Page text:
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The Samsung Odyssey Ark monitor is incredible, but it has one serious flaw


By TechThop Team

Posted on: 16 Aug, 2022

The Samsung Odyssey Ark monitor is finally coming - in fact, you can reserve a unit now for early September. I was floored when I saw the display at CES, and I was equally as impressed when I saw it again. Then I tried using it with Windows.

In 2022, Ark will be one of the most anticipated monitors thanks to its ability to stack several windows either horizontally or vertically. It is questionable whether that is feasible with a Windows or Mac computer, especially since Samsung is charging more for the Ark than it has ever charged for a gaming monitor before.

It's important to set the scene before discussing Windows and MacOS's limitations. It's a pretty unique product, the Ark.

It's really what it's trying to achieve, so I'm calling it an Omni-Screen. Samsung is targeting a similar purpose with the 55-inch display as with the Odyssey G9 Neo. Samsung Multi-View allows you to move and resize windows around the screen, allowing the Ark to replace several monitors with a single display.

It consists of a wireless Ark dial as the linchpin. It's the Ark's command hub, where you can resize your windows or access Multi-View to see several apps at once. The monitor even allows you to save three layouts for quick reference, and you can turn on dynamic backgrounds to fill the dead space. As soon as the monitor is rotated vertically, all of your apps automatically adjust.

In Samsung's latest TV OS, you can stream pretty much any app you want, browse the web, and even access the Samsung Gaming Hub, which has apps such as Stadia, GeForce Now, and Game Pass. The other HDMI 2.1 ports are more than enough to connect all of your consoles and gaming PCs.

The monitor sounded perfect to me at CES, and I had the same impression. It's a little bit different in reality, though. Mixing apps and sources is great, but Ark becomes less practical if you're mostly multitasking with your computer.

My question about the Ark's dynamics was simple: 'It's a screen.' Samsung responded by saying that it's neither a TV nor a monitor. However, the Ark works best when you utilize Samsung's TV operating system and multiple sources rather than relying solely on a single one, leveraging its included apps and multiple sources.

A lot can be done with Ark, including stacking three 27-inch screens and resizing screens from 16:9 to 21:9 or even 32:9. On the 55-inch display, you can also resize windows down to 27 inches. It's only possible if you're using Samsung's apps.

Neither Windows nor MacOS can be changed, but this issue sure takes the shine off a screen that's supposed to replace several disparate monitors. Further, it isn't possible to use multiple cables from the PC to treat them as separate sources. PCs and Macs get the same feed. That's all.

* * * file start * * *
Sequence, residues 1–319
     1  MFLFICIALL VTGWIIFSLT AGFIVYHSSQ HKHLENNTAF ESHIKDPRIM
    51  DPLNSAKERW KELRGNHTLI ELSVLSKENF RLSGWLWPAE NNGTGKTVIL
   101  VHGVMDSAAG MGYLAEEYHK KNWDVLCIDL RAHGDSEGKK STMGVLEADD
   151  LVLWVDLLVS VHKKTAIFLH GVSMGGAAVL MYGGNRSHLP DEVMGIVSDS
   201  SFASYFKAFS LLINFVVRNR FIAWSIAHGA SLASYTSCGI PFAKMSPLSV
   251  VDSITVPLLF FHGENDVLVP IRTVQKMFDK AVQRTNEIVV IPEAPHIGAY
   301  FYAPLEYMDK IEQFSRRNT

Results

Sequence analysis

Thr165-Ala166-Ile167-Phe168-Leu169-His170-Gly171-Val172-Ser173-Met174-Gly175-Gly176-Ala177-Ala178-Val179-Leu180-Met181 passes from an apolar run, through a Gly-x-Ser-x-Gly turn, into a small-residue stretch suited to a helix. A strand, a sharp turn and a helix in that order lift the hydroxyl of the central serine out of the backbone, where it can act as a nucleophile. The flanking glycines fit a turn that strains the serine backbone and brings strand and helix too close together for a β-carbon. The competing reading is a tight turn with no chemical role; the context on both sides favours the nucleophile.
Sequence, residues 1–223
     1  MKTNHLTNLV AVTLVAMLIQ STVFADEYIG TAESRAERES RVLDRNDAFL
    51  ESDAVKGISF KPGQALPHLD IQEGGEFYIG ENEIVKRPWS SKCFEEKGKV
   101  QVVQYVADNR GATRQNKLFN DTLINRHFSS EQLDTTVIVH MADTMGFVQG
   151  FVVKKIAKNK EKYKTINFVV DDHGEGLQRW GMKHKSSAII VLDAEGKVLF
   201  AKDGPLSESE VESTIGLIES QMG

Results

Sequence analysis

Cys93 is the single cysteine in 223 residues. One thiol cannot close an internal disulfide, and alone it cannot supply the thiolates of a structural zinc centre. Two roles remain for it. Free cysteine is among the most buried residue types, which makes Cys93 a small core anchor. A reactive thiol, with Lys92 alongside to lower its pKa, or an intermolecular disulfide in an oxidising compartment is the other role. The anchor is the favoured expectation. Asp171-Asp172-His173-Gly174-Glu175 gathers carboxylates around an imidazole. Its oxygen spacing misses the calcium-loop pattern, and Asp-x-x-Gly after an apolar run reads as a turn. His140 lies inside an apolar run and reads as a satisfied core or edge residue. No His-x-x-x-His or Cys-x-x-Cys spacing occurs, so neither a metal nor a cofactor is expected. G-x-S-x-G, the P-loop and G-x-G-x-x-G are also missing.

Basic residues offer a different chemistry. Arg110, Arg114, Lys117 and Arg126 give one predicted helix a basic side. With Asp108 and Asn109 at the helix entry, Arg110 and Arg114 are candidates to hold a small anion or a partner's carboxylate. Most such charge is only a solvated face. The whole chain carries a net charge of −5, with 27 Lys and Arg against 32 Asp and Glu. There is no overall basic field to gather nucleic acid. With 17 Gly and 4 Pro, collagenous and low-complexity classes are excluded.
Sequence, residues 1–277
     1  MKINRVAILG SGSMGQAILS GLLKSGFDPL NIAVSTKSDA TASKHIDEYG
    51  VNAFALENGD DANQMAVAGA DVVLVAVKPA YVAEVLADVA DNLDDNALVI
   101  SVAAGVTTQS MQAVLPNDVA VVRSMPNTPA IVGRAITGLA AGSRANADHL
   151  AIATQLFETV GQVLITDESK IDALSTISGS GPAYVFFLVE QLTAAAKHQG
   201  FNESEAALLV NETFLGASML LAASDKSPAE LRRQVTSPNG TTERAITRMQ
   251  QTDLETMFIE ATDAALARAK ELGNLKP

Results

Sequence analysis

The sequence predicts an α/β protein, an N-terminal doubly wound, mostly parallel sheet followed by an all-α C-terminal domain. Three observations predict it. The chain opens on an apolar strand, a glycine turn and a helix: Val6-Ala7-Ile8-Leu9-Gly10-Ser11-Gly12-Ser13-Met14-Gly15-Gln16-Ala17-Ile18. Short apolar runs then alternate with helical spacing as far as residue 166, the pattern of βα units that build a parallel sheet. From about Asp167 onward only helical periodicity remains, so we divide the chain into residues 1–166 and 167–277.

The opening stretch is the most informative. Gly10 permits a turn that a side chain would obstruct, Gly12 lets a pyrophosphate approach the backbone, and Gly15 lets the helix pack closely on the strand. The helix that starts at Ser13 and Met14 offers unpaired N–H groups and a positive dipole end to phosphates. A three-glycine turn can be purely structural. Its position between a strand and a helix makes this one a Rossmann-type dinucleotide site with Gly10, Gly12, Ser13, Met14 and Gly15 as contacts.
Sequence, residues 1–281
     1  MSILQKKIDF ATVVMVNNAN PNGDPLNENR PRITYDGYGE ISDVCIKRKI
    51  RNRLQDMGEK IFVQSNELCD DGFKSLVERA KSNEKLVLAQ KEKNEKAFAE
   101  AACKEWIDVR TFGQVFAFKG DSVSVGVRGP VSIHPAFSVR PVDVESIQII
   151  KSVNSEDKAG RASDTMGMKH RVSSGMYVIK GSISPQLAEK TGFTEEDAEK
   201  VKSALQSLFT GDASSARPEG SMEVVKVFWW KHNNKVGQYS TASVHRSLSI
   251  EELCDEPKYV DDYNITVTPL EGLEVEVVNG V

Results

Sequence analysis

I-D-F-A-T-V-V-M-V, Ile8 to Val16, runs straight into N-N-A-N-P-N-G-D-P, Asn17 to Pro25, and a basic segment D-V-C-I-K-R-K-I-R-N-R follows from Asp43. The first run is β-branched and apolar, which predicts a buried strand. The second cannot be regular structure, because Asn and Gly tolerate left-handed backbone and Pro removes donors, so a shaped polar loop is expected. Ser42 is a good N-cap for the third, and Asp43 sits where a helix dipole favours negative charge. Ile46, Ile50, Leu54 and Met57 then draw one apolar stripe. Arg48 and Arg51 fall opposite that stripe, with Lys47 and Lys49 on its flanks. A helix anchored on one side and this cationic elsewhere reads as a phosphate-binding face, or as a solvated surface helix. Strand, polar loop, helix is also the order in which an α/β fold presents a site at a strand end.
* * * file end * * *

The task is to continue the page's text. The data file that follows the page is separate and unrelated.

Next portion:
The display comes with a remote, so it's reasonable to run Netflix and a game or web browser at the same time. The main drawback is controlling apps with the Ark dial or remote, such as the web browser.

It is possible to control these apps using a keyboard and mouse using Bluetooth, but then you need two connections on your peripherals synced to your computer and monitor. It's just a lot of manual work.

As true as it is, the Odyssey Ark solves a similar problem as the Odyssey G9 Neo, but in a very different way. The 32:9 aspect ratio of the G9 means you have lots of horizontal screen real estate to play with, and both Windows and MacOS are easy to use. It's the vertical flip on Ark that throws this system off.

The Odyssey Ark still impresses despite some practical issues. Samsung was able to get this display working in the first place, and the panel quality is in line with the highest-end gaming monitors available today. The contrast ratio is 1,000,000:1, and peak brightness is 2,000 nits, so this is the cream of the crop.

The price Samsung is asking for the Ark should also be considered. The unit is on reserve now for $3,500, and it will be available in early September. At $1,200, it's even more expensive than Samsung's 8K QLED TVs and the Odyssey G9 Neo. It is clear to Samsung that the Ark is a unique product.

The Ark definitely has its advantages. In case you own several media devices and wish to mix and match apps on one display, it could be your only screen. The Ark isn't nearly as useful or practical as the 32:9 Odyssey G9 Neo, so the outrageous price is hard to swallow.

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